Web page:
I got a letter in the mail a couple of weeks ago. In this era when even email has become old-fashioned, that in itself is almost enough to write a column about, but there’s more.
It was from one of my readers. We had corresponded several years ago and I had archived her previous letter in a leather-bound book of Montaigne’s essays.
The letter started out mentioning one of my recent columns, the one about the snake in my garage. I had mentioned that studies have shown that about 6 percent of drivers will go out of their way to run over snakes and turtles.
My correspondent said that reminded her of a scene from John Steinbeck’s “The Grapes of Wrath.” She wrote about how she had gone to her bookshelf to look up the scene. The book, she said, had followed her though many moves throughout her life.
She has owned that book for 80 years, first reading it in 1939 as a teenager. She has now surpassed my wife’s nonagenarian aunt as my oldest friend.
I was delighted with the letter, and I admit I had wondered if she was still in this world. Her previous letter mentioned that she was past 90. I’m keeping both letters in the same book and hoping there will be a third.
Several readers have written me. One fellow, whom I haven’t met in person, sends me articles about language. Some of them are humorous; others recount the fads and fluctuations in contemporary usage.
He forwards articles to me by email. Sometimes we write brief comments or personal remarks. I enjoy hearing from him.
One time I wrote a column about how cats were a major cause of death among songbirds, which have declined by almost 30% in the past few decades.
One fellow, clearly a cat lover, politely asked me to document my claims. I followed up by emailing the scholar who published a study mentioned in the article I had read.
My cat-loving correspondent admitted that the studies looked methodologically sound, though he was not happy to hear that his beloved felines were such predatory scourges of the bird population.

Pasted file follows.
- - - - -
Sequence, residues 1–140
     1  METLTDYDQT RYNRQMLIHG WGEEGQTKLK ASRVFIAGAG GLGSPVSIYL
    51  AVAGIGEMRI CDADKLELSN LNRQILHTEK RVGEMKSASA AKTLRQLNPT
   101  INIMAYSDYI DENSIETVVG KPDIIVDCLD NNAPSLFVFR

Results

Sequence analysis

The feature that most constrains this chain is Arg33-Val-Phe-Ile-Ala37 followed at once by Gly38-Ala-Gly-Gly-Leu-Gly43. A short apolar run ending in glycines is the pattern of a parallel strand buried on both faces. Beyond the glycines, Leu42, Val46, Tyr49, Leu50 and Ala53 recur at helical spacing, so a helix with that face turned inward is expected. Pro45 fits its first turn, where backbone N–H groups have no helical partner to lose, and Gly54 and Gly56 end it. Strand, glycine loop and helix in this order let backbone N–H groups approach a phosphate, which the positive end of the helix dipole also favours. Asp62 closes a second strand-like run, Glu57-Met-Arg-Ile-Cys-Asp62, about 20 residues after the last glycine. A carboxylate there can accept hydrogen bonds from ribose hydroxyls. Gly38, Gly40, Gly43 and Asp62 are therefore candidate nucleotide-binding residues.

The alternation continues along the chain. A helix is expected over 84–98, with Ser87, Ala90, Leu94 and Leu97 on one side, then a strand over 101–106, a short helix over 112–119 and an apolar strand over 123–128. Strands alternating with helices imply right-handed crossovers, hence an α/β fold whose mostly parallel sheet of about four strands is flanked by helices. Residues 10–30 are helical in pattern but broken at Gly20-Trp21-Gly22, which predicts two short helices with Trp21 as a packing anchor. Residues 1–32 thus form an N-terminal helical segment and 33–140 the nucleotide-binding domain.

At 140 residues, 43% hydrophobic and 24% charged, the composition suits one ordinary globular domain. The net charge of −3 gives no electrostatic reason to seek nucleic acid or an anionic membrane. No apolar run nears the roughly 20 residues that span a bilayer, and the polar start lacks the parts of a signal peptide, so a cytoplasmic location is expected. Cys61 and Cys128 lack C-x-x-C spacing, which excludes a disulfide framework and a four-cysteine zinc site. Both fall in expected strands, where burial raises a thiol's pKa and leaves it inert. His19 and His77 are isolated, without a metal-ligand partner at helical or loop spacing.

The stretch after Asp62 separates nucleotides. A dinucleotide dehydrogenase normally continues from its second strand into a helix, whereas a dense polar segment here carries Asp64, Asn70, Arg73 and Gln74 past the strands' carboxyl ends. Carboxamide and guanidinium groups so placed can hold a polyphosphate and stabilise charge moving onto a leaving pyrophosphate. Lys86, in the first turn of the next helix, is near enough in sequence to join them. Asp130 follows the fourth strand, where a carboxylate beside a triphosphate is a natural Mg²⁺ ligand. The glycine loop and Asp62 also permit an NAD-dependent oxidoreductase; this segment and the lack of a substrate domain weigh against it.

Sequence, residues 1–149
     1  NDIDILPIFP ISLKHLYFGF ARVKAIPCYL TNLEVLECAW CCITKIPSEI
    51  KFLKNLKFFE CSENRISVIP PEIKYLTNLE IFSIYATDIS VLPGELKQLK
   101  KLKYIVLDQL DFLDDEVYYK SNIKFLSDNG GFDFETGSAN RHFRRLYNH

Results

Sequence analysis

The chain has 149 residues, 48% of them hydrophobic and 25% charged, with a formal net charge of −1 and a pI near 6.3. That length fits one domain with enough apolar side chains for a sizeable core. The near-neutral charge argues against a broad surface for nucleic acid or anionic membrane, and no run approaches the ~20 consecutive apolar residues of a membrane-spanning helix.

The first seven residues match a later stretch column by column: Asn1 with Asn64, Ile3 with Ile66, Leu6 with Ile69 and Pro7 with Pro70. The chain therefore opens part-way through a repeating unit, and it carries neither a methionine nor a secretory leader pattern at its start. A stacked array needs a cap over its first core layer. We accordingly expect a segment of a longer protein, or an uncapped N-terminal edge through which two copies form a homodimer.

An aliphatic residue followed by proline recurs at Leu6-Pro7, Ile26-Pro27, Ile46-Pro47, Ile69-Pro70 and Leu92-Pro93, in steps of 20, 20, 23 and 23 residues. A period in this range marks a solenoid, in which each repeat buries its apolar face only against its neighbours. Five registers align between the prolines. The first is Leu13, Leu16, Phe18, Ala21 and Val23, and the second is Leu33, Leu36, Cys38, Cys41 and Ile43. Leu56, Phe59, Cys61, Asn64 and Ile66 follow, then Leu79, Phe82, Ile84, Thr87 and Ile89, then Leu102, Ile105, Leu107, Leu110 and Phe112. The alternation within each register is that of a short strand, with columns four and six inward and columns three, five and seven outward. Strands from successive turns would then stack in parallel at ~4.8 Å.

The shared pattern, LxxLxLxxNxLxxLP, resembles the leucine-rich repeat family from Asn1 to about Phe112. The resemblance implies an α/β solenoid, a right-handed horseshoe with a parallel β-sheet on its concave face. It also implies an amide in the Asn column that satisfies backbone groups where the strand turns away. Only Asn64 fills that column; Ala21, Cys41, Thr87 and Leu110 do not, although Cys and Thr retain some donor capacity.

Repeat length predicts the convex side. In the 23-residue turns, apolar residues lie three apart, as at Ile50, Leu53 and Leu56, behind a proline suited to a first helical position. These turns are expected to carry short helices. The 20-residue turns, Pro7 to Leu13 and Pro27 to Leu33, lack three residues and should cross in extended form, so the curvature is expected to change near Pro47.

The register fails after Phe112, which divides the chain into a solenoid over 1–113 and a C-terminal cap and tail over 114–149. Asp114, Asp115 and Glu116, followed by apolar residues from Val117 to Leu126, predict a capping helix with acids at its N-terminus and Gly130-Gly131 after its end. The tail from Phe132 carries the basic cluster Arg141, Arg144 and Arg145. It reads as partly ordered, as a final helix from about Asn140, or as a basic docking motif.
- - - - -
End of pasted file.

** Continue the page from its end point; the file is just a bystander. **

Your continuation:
It turned out that he is a friend of a friend in Longview, and I met him. He is a nice guy and we enjoyed talking. Incidentally, a little cat hanging out in my backyard has made my wife reluctant to put out bird food.
I’ve had good luck writing academics. Often they publish in academic data bases requiring subscriptions that I don’t have. They are almost unfailingly polite and willing to send PDF files of articles they and others have published.
Over the years I’ve written to historians, biologists, archaeologists and climate scientists to get clarification and background for columns or just to dig deeper into something I’ve read.
Once I wrote something about climate change, alluding to the worldwide consensus of scientists that human activity is currently the major cause of this phenomenon.
One man wrote me a very civil email, asserting that the warming of the air and oceans was caused by natural phenomena. I didn’t get into a dispute with him, though I thanked him for his interest and sent him some links.
It’s not surprising that columns about things like apostrophe use, snakes in the garage or books I’ve read don’t generate many letters of response. I look at the articles that do, and while they are often important, I’ll let somebody else write those.
My readers are some remarkable people. Thank you for writing.